Hawai‘i Island Police Discuss DUIs
About one in three traffic deaths in the U.S. involve a drunk driver.
Fatalities caused by impaired driving continue to plague Hawai‘i, consistently placing it above the national average of percent of total traffic fatalities that are alcohol-related. Drugged driving is an increasing problem in our state. It appears, from preliminary data, that the 2018 traffic deaths involving drugs exceeded those involving alcohol by a significant number.
Hawai‘i Island Assistant Police Chief Sam Thomas shared with Big Island Now that as of April 24, 2019, there have been 362 arrests for operating a vehicle under the influence of an intoxicant (OVUII, also known as DUI) on the Big Island; 71 of those drivers were involved in a traffic casualty.
Hawai‘i has a higher percentage of adults who report drinking and driving within the last 30 days than the national average. According to the State of Hawaii Department of Health, Hawai‘i County adults also report the highest amount of binge drinking among the Hawaiian islands.
As of April 24, 2019, there have been 251 OVUII arrests related to alcohol, 20 arrests related to drugs only and 11 arrests related to a combination of both drugs and alcohol.
Drivers with a blood alcohol concentration (BAC) of 0.08% or higher (i.e., drunk drivers) are considered alcohol-impaired by law. Any substance that impairs a driver’s reaction time or attention is dangerous. marijuana, methamphetamine, fentanyl, heroin, cocaine, kava, synthetic drugs and prescription medications are just some of them.
The majority of OVUII arrests in Hawai’i County are of residents, not tourists. From January 1, 2019, to April 24, 2019, Officer’s arrested 340 Hawai’i residents and 22 non-residents. The Hawai‘i Police Department is working to address areas of concern—where a high number of traffic casualties have occurred.
Every month, the police department conducts an analysis of traffic trends, which includes an examination of where traffic crashes are taking place and the factors contributing to these crashes, after which, they take steps to address any notable trends using the resources available.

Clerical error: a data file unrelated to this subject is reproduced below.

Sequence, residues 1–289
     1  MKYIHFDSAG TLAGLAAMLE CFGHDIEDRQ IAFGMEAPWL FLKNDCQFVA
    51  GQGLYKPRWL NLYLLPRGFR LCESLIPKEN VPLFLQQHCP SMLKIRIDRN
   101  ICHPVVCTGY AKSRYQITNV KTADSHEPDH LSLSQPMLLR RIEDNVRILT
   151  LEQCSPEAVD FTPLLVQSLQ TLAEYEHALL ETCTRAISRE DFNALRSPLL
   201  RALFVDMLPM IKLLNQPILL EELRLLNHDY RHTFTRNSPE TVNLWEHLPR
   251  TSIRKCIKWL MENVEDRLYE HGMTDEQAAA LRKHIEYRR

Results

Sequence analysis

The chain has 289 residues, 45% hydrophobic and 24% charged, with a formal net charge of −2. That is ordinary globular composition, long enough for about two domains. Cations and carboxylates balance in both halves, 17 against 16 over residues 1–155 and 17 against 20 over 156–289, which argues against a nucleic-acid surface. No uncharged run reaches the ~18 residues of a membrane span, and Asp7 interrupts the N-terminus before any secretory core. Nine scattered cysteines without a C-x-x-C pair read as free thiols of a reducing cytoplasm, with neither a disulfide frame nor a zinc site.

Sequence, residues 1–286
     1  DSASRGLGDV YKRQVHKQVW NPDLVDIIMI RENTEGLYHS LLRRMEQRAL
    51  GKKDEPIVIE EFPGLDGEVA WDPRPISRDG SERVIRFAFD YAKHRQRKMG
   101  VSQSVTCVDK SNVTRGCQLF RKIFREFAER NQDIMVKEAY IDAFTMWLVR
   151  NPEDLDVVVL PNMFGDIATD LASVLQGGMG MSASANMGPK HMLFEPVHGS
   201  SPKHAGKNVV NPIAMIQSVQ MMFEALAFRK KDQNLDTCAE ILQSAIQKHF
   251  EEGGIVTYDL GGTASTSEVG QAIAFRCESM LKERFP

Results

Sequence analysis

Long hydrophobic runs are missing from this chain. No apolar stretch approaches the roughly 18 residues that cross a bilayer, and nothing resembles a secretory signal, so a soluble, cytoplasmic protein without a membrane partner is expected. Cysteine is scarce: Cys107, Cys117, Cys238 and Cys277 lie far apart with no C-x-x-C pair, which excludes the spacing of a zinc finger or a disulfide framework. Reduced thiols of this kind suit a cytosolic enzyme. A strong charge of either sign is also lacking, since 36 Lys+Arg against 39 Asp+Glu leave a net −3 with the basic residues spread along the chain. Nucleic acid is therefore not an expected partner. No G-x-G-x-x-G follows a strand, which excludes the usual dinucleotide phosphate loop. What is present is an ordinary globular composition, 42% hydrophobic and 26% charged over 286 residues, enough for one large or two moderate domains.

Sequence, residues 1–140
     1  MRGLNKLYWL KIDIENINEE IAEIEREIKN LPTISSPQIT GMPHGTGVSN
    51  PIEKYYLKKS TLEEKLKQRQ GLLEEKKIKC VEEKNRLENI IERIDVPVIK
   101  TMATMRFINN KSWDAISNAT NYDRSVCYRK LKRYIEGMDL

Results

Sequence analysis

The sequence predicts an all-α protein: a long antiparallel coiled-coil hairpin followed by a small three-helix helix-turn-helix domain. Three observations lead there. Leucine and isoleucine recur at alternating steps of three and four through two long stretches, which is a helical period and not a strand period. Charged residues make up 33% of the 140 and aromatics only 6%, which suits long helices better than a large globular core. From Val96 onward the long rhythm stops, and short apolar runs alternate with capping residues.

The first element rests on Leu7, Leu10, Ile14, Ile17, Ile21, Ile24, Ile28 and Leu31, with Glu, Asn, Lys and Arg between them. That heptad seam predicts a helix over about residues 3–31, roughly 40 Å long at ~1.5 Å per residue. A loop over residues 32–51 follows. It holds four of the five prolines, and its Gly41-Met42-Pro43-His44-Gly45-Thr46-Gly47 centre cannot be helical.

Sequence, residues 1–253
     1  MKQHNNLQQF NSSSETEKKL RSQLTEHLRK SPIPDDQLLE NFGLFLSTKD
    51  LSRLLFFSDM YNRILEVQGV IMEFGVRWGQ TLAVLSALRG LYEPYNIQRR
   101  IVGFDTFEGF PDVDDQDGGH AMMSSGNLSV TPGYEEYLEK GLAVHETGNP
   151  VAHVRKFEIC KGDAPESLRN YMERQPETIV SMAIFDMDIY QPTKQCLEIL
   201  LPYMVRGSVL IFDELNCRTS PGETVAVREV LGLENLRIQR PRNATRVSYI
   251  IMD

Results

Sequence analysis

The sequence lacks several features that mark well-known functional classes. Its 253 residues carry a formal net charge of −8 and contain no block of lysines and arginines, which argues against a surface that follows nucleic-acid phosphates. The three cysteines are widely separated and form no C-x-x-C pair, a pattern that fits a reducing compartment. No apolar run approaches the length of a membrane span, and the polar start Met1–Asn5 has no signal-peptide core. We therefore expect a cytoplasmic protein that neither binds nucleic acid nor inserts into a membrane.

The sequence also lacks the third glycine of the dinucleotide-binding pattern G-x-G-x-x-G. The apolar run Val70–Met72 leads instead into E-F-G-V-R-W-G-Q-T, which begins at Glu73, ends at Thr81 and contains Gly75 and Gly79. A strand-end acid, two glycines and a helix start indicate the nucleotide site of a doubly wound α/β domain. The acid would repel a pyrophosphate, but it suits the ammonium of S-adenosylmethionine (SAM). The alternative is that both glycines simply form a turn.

Bail for the first OVUII arrest normally starts at around $500. However, there are often additional charges for other traffic offenses that are discovered during the investigation or other factors that may warrant high bail, such as prior arrests for contempt of court. The primary purpose of bail is to ensure that a defendant returns for future court appearances.
The police department wishes to remind retail businesses and private organizations that they are accountable for those persons to whom they serve intoxicating beverages. This would also apply to private parties and family gatherings because “everyone is responsible for keeping our roads safe.”
If a driver is suspected of operating a motor vehicle while under the influence of an intoxicating substance, they are asked to perform standardized field sobriety tests that include a breath, and/or blood and/or urine test.
If there is probable cause to believe they have violated the law the officer can arrest them. If anyone refuses to provide a breath, and/or blood, and/or urine test, their driver’s license can be suspended.
“Consequences come from every decision people make,” said Assistant Chief Thomas. “Aside from the severe legal consequences up to and including imprisonment, there are others, like the loss of a job, increase of vehicle insurance rates and the loss of the privilege to drive. People should not have to learn from being arrested, or involved in an accident due to driving under the influence of an
Assistant Chief Thomas believes that the courts, law enforcement agencies, other government agencies such as the Department of Transportation and other organizations (such as M.A.D.D.) are constantly looking for ways to make improvements in connection with public safety and, more specifically, reducing OVUII rates.
“When you see how the catastrophic impact of how a OVUII affects so many people, it’s easy to understand that it is critical for law enforcement to strictly enforce OVUII laws,” said Assistant Chief Thomas. “If the OVUII results in an accident, many more people are impacted and unfortunately we have had fatalities directly resulting from drivers being intoxicated on alcohol, drugs or both.”
Assistant Chief Thomas added, “At some time in their career, every officer will have to make death notifications to family. It is so much harder for everyone involved when the death was sudden or avoidable, as is often the case with crashes involving intoxicants. These are times that impact not only family but officers as well.”